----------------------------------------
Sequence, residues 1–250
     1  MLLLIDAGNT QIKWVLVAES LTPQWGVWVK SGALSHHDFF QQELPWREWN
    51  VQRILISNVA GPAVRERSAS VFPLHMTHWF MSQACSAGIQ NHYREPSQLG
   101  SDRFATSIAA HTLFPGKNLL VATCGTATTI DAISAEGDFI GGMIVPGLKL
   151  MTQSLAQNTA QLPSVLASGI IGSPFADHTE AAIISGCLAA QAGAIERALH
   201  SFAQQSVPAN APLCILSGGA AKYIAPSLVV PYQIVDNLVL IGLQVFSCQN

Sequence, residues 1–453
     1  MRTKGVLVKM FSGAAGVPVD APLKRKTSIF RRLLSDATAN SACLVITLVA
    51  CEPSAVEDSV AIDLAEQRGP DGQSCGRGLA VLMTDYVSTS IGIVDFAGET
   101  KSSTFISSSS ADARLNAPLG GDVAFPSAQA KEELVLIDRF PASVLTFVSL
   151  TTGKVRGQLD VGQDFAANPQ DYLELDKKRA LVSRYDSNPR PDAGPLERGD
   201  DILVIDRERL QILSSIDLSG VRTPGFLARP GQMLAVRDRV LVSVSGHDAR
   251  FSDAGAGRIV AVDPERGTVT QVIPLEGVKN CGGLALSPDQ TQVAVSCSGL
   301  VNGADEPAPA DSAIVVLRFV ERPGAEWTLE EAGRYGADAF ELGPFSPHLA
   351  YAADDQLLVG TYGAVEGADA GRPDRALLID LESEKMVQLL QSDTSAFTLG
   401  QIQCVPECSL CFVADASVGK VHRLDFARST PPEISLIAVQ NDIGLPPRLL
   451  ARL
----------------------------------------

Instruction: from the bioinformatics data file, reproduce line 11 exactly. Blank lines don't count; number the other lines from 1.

   151  TTGKVRGQLD VGQDFAANPQ DYLELDKKRA LVSRYDSNPR PDAGPLERGD